1. Thanks for sharing, Amy! I think the national school lunch program is definitely a work in progress. I think it’s very interesting how some school find ways to make their programs vastly different from some of those nightmarish meals that we hear about and see. From my experience working in schools, processed proteins dominate the main entree, while things like fruits can come in the form of sugar laden fruit gel cups and vegetables can be a pinch of iceberg lettuce. The way in which requirements are met certainly does vary. I’ve heard about schools in more progressive areas, like Davis, CA where organic and local dominates, and cafeteria workers prepare meals from recipes and not from freezers. Although it’s been awhile since I read the article about the lunch program at this Davis school, I recall that change came about because parents were insistent and became heavily involved with the school board. I think it’s important to know that if enough people become involved with working to make change, school boards must respond. It takes a lot of time, energy, and devotion. Hopefully positive changes will effect more children than those who are more privileged.

  2. Amy,

    Thank you for sharing this article. I agree at that it’s extremely important to take into account childrens’ health and diet, and I think that school lunches are a pivotal aspect of this. Since many of the children that need access to school lunches are lower SES children, it is very important to help these children get the nutrients they need since their families may not be able to afford more healthful foods at home. Your presentation on this issue was also enlightening, and hopefully changes will be made in this area for the health of children and the adults that they will grow into.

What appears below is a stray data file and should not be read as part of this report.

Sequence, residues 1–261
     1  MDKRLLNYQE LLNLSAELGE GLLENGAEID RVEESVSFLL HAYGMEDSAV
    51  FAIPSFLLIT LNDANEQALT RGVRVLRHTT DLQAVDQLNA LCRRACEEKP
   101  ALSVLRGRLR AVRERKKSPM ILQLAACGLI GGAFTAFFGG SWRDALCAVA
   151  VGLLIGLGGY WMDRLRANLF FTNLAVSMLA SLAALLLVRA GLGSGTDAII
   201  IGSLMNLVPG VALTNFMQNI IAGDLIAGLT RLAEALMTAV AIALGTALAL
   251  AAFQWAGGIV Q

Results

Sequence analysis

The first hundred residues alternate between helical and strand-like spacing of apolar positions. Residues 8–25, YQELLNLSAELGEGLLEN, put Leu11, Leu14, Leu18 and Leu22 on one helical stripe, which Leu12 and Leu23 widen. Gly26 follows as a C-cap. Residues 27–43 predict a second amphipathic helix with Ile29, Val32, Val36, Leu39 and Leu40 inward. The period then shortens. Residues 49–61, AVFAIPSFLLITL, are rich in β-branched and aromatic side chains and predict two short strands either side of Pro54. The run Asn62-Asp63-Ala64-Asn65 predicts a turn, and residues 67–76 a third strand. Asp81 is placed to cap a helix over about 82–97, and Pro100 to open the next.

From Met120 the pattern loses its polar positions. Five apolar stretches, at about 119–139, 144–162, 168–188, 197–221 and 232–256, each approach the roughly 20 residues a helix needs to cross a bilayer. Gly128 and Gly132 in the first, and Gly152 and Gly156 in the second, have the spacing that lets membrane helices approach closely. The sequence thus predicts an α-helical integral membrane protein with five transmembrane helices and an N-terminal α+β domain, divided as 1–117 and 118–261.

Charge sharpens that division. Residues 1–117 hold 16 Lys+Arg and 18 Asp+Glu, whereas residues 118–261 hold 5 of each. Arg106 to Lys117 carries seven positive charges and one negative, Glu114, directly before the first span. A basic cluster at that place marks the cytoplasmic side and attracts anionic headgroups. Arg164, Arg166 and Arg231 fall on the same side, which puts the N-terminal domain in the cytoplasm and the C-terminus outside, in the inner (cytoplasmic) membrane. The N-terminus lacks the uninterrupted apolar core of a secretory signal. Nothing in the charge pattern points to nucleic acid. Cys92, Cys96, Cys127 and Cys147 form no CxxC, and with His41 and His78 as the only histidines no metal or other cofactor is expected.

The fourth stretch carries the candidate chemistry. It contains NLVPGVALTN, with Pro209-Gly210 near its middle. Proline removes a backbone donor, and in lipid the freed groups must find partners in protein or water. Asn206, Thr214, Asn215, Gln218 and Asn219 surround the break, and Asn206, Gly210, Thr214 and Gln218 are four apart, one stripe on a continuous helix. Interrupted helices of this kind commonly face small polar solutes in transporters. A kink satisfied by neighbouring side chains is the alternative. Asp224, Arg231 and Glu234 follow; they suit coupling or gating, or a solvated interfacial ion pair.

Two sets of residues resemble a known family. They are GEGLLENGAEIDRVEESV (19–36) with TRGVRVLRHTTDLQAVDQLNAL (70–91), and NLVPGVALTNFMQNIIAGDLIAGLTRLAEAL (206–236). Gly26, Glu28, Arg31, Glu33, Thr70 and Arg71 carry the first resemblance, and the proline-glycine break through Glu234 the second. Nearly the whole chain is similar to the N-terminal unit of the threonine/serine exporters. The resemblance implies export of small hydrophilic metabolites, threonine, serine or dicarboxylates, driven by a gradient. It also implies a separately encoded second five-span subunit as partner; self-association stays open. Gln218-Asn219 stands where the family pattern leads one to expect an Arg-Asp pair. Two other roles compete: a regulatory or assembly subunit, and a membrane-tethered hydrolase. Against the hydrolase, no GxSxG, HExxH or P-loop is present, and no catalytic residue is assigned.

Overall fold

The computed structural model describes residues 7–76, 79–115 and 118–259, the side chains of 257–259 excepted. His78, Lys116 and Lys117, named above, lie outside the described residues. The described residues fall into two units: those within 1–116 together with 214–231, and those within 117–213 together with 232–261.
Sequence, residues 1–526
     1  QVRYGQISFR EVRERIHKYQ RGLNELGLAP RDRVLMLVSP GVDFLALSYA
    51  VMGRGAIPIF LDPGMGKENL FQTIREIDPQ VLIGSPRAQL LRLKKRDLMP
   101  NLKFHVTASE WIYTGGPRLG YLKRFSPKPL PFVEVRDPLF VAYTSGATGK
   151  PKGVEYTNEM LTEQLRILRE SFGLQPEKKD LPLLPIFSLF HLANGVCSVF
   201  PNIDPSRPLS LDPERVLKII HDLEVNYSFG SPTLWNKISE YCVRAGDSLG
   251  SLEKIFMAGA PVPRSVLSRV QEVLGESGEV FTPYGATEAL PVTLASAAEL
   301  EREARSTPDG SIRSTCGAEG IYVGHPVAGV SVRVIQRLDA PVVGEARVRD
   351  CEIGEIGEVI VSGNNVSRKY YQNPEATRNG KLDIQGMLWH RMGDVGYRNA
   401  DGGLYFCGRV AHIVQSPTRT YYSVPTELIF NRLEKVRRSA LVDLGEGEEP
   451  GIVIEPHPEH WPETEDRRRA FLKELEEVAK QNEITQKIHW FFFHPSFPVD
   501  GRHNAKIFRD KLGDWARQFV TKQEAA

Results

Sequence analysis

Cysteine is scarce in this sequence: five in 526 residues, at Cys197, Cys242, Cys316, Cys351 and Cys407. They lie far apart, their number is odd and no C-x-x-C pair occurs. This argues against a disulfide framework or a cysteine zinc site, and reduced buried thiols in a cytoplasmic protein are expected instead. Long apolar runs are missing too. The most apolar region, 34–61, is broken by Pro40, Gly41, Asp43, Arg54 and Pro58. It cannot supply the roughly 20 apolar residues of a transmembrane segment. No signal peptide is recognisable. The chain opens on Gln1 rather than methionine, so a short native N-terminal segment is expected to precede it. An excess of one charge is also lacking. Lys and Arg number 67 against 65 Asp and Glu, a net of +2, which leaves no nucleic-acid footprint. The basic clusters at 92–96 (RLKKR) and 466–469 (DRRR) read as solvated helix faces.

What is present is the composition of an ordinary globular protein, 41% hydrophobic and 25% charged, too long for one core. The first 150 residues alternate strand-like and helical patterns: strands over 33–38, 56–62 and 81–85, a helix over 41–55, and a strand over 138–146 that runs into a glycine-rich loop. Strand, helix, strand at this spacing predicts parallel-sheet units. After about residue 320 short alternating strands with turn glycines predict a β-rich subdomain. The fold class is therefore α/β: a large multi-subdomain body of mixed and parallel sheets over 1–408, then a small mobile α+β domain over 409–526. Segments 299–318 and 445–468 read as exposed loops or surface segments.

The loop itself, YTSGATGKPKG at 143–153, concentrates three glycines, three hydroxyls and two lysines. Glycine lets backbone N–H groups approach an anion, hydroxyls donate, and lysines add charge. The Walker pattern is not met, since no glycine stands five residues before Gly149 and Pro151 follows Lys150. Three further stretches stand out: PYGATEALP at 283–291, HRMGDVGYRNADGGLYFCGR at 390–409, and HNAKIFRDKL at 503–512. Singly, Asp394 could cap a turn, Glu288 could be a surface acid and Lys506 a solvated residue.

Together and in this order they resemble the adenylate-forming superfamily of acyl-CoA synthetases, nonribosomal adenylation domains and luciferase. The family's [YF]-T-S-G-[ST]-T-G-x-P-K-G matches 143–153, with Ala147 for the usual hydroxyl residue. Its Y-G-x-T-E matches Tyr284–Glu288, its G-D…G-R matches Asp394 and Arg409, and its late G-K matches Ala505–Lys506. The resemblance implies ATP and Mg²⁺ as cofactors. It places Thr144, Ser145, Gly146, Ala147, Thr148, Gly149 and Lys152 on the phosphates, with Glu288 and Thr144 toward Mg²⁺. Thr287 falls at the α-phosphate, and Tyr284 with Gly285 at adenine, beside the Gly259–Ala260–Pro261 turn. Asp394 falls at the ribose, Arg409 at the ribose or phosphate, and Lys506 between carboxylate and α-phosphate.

3. Amy,
    Thank you for posting your News Brief on this topic. I also posted one concerning nutrition- a topic that has not been given enough attention especially in society today with so much fast food and lack of outdoor and active time.
    I was very surprised to see that it had been 15 years since any changes had been made! I was a little confused about the concerns about having nofat/lowfat milk. Nonfat milk is not necessarily the healthiest choice for children. I also find it hard to believe that the article did not have bias. I felt that the bias was that eating healthy was the preference.
    All of the suggestions for parents and professionals for fostering healthy eating and a more natural relationship with growing food were very helpful.

  4. I agree the schools need to change the lunch program overall. The lack of nutrition these schools serve is ridiculous! Its bad enough everything is fried, not only that, but lacks the recommended intake of nutrition for children. It does not help that many school are cutting recess times and decreasing the amount of physical activity. This is a huge issue and I support the change.

  5. Amy,
    Wow I cannot agree more that the school lunch situation should be taken into high priority for our country. The rates of obesity continue to rise and this can definitely help. When reading the article I was shocked to read the school lunch funding had not been changed in 15 years, that is appalling and I am happy to see there have been some changes. These healthy notions need to continue to happen if we want children and future generations to continue to thrive. I also like in the your post how you brainstormed ideas we can do as individuals and families to encourage healthier habits.